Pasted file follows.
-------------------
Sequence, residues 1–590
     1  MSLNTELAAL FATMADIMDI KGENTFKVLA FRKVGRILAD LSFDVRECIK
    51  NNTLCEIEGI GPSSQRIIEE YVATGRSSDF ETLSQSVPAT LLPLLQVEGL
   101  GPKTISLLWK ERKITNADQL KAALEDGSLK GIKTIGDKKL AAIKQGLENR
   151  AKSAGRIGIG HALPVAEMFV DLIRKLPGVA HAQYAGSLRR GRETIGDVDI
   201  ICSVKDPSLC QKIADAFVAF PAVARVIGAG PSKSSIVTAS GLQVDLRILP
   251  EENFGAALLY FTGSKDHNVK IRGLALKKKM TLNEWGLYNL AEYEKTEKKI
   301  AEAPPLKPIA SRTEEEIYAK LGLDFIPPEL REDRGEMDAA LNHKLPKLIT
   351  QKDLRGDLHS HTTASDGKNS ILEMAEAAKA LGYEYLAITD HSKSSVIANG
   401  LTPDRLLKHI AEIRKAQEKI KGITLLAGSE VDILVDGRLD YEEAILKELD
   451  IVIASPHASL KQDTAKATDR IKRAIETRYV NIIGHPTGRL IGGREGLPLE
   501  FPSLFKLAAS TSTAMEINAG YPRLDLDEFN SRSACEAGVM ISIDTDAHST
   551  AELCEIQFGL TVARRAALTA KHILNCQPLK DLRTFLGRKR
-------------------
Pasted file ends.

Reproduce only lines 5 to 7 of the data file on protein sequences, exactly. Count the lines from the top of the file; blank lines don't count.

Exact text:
   151  AKSAGRIGIG HALPVAEMFV DLIRKLPGVA HAQYAGSLRR GRETIGDVDI
   201  ICSVKDPSLC QKIADAFVAF PAVARVIGAG PSKSSIVTAS GLQVDLRILP
   251  EENFGAALLY FTGSKDHNVK IRGLALKKKM TLNEWGLYNL AEYEKTEKKI